Why I Love Waterfall Software Development.

‘Everyone’ knows that ‘Waterfall’ Software Development was heralded in by the seminal 1970 paper Managing the Development of Large Software Systems by Dr. Winston W.Royce

Everyone knows this…except that what he actually invented might just have been Specification Driven Development (we now know this as ATDD) – constrained by the limitations of 1970’s technology, of course.

Isn’t this a Beautiful Waterfall….!

After laying out his basic waterfall in figure 2, Royce says “I believe in this concept but the implementation described above is risky and invites failure”. He goes on to say, that if you leave testing to the end, then you are pretty much guaranteed to have “up to 100-percent overrun in schedule and/or costs” .

Royce’s solution to this testing/specification error, therefore was to add an iterative feedback loop after the first round of prototype/testing:

His original annotation reads “Hopefully, the iterative interaction between the various phases is confined to successive steps. Unfortunately, for the process illustrated, the design iterations are never confined to the successive steps”

Not happy with that, though, although he believes the approach is basically sound, Royce says that five additional steps are necessary to make the process work:

  1. Program Design Comes First.
  2. Document the Design.
  3. Do it Twice.
  4. Plan, Control, and Monitor Testing.
  5. Involve the Customer.

1. Program Design Comes First

Royce was straight off the Apollo Missions – mostly concerned with software designed for spacecraft mission planning, commanding, and post-flight analysis. He lived in a world where the analysis and coding phases ...”are managed with relative ease and have little impact on requirements, design, and testing”. In his world, once you had analyzed your orbit mechanics, spacecraft attitude determination and so forth, then coding involved “a few lines of serial arithmetic code”.

It is the analysis and program design, then, which constitute the emergent unknowns. In 1970, these were best expressed through algorithms, models, and other forms of documentation. The documentation, therefore, WAS the deliverable. He writes “…the documentation IS the specification and IS the design. Until coding begins these three nouns (documentation, specification, design) denote a single thing.”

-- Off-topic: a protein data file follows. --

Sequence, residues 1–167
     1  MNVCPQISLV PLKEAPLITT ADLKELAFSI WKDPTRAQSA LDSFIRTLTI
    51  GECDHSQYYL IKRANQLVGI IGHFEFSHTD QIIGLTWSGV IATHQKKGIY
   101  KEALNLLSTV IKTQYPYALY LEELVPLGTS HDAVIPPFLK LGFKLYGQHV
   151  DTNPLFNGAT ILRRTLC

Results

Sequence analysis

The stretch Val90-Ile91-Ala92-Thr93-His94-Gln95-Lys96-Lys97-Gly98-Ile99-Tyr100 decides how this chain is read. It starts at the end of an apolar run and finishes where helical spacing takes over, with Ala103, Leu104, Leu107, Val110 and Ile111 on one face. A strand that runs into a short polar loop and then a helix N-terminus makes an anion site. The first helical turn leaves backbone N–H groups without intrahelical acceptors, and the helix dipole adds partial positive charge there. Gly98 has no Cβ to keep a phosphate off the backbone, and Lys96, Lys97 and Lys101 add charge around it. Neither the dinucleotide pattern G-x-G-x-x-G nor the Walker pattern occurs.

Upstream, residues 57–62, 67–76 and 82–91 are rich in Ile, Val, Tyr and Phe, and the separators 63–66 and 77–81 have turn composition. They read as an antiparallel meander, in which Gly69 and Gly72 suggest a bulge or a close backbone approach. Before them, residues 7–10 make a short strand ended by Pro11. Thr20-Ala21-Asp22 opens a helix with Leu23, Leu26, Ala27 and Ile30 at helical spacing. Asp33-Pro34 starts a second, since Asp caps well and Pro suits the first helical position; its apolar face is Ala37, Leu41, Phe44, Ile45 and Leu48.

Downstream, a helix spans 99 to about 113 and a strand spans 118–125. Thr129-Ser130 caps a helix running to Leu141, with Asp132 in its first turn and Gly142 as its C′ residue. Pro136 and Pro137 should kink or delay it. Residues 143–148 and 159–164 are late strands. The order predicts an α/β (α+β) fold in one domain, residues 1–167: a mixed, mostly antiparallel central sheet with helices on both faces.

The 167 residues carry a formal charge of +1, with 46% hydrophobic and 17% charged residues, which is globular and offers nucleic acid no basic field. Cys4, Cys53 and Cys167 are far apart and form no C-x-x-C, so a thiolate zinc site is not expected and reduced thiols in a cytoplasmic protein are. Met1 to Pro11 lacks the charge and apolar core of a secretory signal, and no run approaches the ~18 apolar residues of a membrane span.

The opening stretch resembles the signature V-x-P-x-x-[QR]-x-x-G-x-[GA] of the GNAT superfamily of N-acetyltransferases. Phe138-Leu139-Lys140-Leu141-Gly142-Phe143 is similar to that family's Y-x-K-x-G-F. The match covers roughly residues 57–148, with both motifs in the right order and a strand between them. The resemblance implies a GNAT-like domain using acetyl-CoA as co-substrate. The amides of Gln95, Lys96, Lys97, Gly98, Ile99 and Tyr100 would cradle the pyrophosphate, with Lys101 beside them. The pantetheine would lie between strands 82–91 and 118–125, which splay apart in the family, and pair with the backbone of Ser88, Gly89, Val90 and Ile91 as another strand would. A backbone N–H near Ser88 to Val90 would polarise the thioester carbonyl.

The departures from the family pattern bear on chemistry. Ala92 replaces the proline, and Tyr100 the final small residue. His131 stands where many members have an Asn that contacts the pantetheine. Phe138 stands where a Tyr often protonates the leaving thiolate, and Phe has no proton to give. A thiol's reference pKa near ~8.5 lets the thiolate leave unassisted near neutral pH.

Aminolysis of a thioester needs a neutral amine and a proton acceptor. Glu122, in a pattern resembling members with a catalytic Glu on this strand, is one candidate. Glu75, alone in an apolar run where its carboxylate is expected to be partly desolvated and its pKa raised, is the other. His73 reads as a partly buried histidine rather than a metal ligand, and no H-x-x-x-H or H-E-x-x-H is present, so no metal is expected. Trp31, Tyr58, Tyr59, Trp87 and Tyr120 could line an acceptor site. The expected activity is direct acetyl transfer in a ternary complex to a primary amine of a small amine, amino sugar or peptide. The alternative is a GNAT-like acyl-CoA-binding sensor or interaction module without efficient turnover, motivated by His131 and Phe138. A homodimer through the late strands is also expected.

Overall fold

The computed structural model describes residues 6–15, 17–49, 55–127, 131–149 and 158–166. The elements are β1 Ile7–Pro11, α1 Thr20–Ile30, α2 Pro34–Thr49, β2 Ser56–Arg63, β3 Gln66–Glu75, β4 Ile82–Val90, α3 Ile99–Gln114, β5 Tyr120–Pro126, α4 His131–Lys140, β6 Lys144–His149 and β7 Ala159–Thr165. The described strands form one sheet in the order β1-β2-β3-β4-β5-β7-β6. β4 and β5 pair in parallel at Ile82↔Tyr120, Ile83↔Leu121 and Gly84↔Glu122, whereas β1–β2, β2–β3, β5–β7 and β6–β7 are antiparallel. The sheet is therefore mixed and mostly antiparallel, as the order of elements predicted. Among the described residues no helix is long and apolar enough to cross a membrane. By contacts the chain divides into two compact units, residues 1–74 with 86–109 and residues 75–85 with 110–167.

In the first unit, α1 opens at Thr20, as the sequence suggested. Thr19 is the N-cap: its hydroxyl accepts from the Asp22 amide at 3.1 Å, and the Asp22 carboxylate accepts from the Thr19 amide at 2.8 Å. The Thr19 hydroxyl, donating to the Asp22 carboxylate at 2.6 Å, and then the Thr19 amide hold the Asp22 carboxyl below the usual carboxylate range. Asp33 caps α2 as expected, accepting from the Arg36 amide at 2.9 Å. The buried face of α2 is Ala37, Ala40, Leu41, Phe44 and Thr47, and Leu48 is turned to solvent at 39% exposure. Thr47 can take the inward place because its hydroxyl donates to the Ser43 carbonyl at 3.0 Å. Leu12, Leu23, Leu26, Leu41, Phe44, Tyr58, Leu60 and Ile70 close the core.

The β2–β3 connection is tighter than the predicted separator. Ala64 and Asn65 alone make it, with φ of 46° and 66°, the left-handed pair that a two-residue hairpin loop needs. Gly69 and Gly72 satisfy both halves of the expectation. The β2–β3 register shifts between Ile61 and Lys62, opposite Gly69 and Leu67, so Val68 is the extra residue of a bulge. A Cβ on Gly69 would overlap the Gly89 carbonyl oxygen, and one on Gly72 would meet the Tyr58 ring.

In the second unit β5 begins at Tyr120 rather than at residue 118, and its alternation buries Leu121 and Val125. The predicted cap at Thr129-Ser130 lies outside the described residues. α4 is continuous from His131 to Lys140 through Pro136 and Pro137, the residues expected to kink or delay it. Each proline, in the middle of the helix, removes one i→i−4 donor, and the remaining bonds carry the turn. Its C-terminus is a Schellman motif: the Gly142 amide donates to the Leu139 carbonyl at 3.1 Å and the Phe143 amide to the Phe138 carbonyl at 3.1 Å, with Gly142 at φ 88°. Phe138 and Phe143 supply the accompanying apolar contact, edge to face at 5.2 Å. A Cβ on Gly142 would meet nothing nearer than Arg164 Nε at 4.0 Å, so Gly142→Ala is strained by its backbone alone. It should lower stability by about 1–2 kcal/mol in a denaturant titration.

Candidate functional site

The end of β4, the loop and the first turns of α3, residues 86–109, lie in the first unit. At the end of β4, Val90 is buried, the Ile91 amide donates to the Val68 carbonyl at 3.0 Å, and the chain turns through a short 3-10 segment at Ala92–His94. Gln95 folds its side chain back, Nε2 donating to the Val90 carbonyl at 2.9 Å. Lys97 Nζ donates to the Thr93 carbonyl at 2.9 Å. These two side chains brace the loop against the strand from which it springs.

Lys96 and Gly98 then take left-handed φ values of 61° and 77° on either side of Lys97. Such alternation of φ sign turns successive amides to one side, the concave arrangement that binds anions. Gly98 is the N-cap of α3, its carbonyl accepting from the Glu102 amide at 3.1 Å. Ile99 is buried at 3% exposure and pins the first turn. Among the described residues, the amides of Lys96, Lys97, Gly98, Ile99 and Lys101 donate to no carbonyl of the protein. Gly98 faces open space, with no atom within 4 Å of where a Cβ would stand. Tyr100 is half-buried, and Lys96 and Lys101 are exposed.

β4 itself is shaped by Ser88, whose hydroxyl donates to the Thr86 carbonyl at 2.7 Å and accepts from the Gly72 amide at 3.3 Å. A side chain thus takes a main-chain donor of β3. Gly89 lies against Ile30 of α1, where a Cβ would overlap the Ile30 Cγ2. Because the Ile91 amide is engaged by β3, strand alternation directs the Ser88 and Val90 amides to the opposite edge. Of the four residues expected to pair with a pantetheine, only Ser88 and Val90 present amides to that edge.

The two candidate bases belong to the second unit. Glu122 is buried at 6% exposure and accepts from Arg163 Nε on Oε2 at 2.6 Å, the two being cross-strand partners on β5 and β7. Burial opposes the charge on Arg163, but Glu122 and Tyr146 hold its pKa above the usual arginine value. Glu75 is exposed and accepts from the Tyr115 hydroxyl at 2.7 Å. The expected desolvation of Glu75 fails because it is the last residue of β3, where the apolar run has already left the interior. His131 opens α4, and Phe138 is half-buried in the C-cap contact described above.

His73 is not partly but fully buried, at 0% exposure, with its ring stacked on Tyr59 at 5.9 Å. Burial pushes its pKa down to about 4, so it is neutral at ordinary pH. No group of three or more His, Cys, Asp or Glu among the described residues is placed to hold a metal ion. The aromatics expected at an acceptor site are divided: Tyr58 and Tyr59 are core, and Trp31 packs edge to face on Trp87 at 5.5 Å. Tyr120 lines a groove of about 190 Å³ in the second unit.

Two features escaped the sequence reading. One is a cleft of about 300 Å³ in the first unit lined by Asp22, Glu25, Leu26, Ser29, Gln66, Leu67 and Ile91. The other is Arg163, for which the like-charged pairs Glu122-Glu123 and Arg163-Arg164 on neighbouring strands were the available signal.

Royce describes a domain and a time when the analysis of the problem is necessarily constrained by the limitations of the system designed to solve it. ‘Design’ here describes the operational parameters of the system – it defines what is feasible. “By this technique the program designer assures that the software will not fail because of storage, timing, and data flux reasons”.

It is clear from this where Royce had seen projects fail in the past, but the more interesting observation is that the problem analysis and the system design are iterative and, in today’s agile parlance, dare I say, emergent.

2. Document the Design

ATDD is defining system requirements in terms that are directly testable. Royce writes: “The real monetary value of good documentation begins downstream: During the Testing Phase, with good documentation the manager can concentrate personnel on the mistakes in the program. Without good documentation, every mistake, large or small, is analyzed by one man who probably made the mistake in the first place because he is the only man who understands the program area”

When Royce writes “each and every worker must have an elemental understanding of the system” – is that really that much different from Three Amigos, or Design Studios in today’s precepts?

3. Do it Twice

Build a prototype, get feedback, redesign, and refactor. I’m wondering where I’ve heard that before?

4. Plan, Control, and Monitor Testing

How can we, as agilists, argue with any of this?

  1. Tests should be designed and written clearly so they are understandable by non-developers.
  2. Code should be reviewed by another person before anything else.
  3. Maintain 100% Unit and Functional Test Coverage. “Test every logic path in the computer program at least once with some kind of numerical test”

5. Involve the Customer

This sounds eerily familiar too….Royce writes “For some reason, what a software design is going to do is subject to wide interpretation even after previous agreement. It is important to involve the customer in a formal way so that he has committed himself at earlier points before final delivery.”

Nothing New Under the Sun

So it turns out that Waterfall is Agile, Agile is Waterfall. After translating for 1970’s technology, where program design is the riskiest part of the project, and where documentation means testable specifications, what we have here is ATDD….isn’t it??


Paul Osborn

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